A report carried out by The Securities and Exchange Commission (SEC) advises Thai citizens to have at least 4 million baht saved by the time they retire, but Thai Residents reports that 60% of Thai retirees have less than 1 million baht in savings, with one in three citizens who have reached retirement age are forced to continue working in order to survive.

SOURCE: thairesidents.com

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Bangkok

Tax on salt content being considered

Greeley Pulitzer

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Tax on salt content being considered | The Thaiger

The Excise Department is considering imposing a tax on the salt content of food to encourage food producers to reduce the sodium content of snacks, instant noodles and seasoning cubes.

The director of the Office of Tax Planning said that the department is discussing a limit on the amount of sodium food can contain, in line with the standard set by the World Health Organization (WHO), which is 2,000 milligrams of salt per day.

In reality, Thai people consume an average of 1,000 milligrams per meal, making their daily intake well above WHO guidelines, according to the director.

He said any tax imposed would be at a level which would encourage food producers to reduce the sodium in their processed food without being punitive, adding that the proposal isn’t intended to generate more tax revenue, but to help protect the health of consumers. Excessive sodium in the diet can lead to high blood pressure and kidney disease.

Fish sauce, soy sauce and salt would not be taxed.

SOURCE: thaipbsworld.com

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News

Water shortage warnings in 22 provinces

Greeley Pulitzer

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Water shortage warnings in 22 provinces | The Thaiger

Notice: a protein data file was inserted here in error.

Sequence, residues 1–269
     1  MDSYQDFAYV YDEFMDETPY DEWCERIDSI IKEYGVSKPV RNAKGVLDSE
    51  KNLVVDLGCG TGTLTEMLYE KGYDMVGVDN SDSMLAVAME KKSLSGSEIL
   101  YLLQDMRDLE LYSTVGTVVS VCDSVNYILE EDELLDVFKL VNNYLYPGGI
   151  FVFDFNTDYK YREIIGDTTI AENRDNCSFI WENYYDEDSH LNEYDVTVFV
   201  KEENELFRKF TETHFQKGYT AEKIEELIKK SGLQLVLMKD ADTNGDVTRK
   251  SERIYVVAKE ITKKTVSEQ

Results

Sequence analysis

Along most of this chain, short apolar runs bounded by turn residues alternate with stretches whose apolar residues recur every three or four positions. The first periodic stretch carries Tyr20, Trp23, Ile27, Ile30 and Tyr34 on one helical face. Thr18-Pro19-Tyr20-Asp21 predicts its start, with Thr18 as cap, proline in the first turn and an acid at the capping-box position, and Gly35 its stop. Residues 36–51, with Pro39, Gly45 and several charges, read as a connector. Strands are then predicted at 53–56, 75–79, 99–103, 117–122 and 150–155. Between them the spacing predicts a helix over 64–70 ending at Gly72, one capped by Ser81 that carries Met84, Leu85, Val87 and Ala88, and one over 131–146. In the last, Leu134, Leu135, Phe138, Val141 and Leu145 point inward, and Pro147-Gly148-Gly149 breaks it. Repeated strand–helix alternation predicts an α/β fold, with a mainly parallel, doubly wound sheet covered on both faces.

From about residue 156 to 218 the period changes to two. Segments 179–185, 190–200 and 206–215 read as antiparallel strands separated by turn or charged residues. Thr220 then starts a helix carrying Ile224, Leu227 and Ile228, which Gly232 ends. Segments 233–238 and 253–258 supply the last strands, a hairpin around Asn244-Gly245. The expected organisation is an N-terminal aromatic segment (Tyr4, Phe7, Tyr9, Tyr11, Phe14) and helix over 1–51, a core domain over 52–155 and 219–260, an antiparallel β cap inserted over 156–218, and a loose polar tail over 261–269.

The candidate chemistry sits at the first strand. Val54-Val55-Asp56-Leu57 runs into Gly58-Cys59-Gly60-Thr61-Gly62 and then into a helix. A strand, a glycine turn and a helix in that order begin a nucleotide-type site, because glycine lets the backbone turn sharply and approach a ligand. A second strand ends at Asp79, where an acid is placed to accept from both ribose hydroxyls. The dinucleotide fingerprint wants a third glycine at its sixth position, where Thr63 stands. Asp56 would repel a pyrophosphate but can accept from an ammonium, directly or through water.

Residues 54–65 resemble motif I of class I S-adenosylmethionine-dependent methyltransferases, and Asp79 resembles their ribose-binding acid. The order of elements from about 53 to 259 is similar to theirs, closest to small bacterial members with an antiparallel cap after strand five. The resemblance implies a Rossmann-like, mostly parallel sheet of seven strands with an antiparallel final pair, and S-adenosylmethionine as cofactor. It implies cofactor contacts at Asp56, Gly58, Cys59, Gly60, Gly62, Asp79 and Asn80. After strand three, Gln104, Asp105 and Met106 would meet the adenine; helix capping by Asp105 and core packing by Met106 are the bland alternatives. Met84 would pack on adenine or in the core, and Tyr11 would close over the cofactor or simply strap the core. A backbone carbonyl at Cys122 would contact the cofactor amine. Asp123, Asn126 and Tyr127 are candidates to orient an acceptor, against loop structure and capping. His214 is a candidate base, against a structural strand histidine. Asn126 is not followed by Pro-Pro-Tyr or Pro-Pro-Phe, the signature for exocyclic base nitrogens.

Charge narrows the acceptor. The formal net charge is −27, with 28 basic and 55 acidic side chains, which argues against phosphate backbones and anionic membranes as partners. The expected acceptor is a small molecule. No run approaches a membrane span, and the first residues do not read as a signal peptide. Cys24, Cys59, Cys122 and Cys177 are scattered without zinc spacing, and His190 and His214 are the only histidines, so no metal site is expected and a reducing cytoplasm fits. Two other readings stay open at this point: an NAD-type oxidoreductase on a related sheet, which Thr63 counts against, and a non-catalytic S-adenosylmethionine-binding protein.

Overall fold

People living in 22 Thai provinces are being warned to prepare for shortages of drinking water during the upcoming dry season, due to start on November 1st.

The warning was issued by the National Water Resources Office, citing low levels in reservoirs, which are the main sources for tap water production waterworks in 22 provinces.

Areas at risk identified by the office are in northern, north-eastern, eastern and southern provinces.

Measures have been adopted by agencies charged with dealing with water shortages. including dredging water channels to allow greater volumes of water to flow into reservoirs, drilling underground wells, enlarging storage ponds and the purchase of water to supply to those in urgent need.

The Royal Irrigation Department has announced that people should use water sparingly.

There are currently about 6 billion cubic metres of usable water in reservoirs in the affected provinces, with 5 billion cubic metres reserved for consumption and ecological preservation, leaving only 1 billion cubic metres for use in agriculture.

This means farmers in the Chao Phraya river basin may not be able to grow a second crop of rice this year.

SOURCE: thaipbsworld.com